Every town has its horror stories, its dark, unsettling history that resists contradiction. Some stories are born of urban legends, some of wicked campfire tales. Heinous, unfathomable, is the story of The Haunted Scarehouse. To fully understand the mysterious origins of the Scarehouse, we must go back in time, far back in time, in fact, to the 1970s, to an old farmhouse, an ordinary farmhouse, ensconced by pristine land—until the Haydens moved in: a man, his wife, and two children. The Haydens refused to adapt to it—or to its surroundings, or to its humble denizens. The Haydens lived in relatively close proximity to their neighbors. Despite this, they kept their distance from civilization, remaining indoors, rarely venturing outside; and when they set foot beyond their dreary dwelling, it was only to roam without purpose about the vast property, as if out of obligation, boredom, always in silent contemplation. The children, too, no more than ten years of age, almost never engaged in outdoor activities, hardly ever becoming noticed, never playing in the elaborate tree-house just fifty feet from the back porch, attached to a massive oak. Mrs. Hayden occasionally came out of the house, for a jaunt to the nearby brook, rinsing her hands and face with the murky water, then returning to her life of self-confinement. Why would such a family be averse to exploring their own scenic wonderland, a photographer’s paradise? People from the neighborhood from time to time visited the farmhouse hoping to introduce themselves to their unusual neighbors, but never got a response, a warm greeting—nothing. Not a soul would answer the door, not a voice would break the haunting stillness. The Haydens had made their wishes very clear: to be left alone, to be outcasts, to be unlike the majority, no matter the consequences, the backlash.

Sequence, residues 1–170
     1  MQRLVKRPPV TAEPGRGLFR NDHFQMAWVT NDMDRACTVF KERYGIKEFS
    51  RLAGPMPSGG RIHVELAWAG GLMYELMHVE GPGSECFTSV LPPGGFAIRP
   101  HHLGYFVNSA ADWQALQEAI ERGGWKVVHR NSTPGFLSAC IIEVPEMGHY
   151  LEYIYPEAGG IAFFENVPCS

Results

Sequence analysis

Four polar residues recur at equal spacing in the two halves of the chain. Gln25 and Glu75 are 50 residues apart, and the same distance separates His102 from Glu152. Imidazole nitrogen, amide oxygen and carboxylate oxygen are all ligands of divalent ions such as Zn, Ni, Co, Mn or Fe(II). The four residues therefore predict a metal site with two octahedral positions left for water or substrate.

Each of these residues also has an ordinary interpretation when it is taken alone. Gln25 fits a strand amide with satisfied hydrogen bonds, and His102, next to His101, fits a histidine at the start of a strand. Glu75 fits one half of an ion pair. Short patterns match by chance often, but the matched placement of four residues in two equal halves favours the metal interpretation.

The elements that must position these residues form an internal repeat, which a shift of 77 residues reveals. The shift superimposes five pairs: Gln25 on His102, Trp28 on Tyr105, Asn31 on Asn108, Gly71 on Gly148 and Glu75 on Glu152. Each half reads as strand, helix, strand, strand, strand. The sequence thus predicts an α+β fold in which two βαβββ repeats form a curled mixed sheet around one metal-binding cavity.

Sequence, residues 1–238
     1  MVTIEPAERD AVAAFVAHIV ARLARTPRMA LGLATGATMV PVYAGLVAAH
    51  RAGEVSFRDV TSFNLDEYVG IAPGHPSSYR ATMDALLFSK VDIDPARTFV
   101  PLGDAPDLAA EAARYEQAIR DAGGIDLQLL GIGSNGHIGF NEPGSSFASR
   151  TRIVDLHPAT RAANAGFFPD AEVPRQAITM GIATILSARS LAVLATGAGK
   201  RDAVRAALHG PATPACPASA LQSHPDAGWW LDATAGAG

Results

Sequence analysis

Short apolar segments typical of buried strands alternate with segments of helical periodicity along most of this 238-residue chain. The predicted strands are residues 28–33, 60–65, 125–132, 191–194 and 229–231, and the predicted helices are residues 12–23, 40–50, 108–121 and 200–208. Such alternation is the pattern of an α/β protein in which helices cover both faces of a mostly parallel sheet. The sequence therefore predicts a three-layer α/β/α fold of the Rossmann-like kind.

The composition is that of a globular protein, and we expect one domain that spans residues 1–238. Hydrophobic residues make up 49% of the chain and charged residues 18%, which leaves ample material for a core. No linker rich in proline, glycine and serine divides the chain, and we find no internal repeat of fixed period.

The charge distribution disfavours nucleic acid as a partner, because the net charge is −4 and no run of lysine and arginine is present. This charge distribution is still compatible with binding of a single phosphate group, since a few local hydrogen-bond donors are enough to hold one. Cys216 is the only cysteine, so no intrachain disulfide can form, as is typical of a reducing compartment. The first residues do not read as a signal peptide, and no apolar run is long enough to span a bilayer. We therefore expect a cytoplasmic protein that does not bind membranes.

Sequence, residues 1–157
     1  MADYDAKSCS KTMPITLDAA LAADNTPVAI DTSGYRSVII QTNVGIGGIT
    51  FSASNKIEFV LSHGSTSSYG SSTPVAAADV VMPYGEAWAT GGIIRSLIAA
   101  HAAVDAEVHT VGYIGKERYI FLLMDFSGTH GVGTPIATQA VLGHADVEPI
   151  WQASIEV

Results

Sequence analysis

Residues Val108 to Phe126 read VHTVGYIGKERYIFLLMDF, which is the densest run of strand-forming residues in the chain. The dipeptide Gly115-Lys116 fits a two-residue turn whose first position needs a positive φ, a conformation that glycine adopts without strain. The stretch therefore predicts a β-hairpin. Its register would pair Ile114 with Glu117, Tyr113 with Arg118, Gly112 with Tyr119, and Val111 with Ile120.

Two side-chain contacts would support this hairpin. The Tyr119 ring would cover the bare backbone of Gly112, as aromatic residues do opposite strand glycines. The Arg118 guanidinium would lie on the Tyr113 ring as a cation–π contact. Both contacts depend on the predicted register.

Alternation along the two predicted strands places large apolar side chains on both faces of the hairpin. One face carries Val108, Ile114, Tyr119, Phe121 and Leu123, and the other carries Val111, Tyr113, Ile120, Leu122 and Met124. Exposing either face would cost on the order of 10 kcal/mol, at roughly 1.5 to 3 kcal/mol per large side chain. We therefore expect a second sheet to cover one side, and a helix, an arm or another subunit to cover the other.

A year passed. Though by their actions the Haydens imparted their wish of being left in peace, undisturbed, they soon began receiving visitors—none from the neighborhood—at odd times. Some would be seen leaving late at night or in the wee hours of the morning, others left without having been detected while coming or going. This bizarre behavior had become so widely discussed within the community that soon the Hayden farmhouse became known as “the haunted scarehouse.” Of course, even though the Haydens willfully lived a life of seclusion, having been mocked and ridiculed and scrutinized, day after day, they apparently had become troubled, irked, compelled to expose their mounting frustration. Mr. Hayden had on several occasions been spotted in the yard, axe in hand, not using it to chop wood for the fireplace or to fell cumbersome, unruly trees, but brandishing it as a weapon, caressing it, seemingly admiring its strength, its purpose, swinging it downward and driving the razor-sharp blade into the ground like a brute. This he had done at an alarming rate. What was going through his mind during these strange lapses in sanity? Was he quite possibly reacting to the verbal abuse he and his family had endured, though they had never infringed on the lives of others? Not having been given the freedom of complete privacy, without judgments, without harassment, the Haydens, cloistered from the rest of society, dealt with their struggles alone.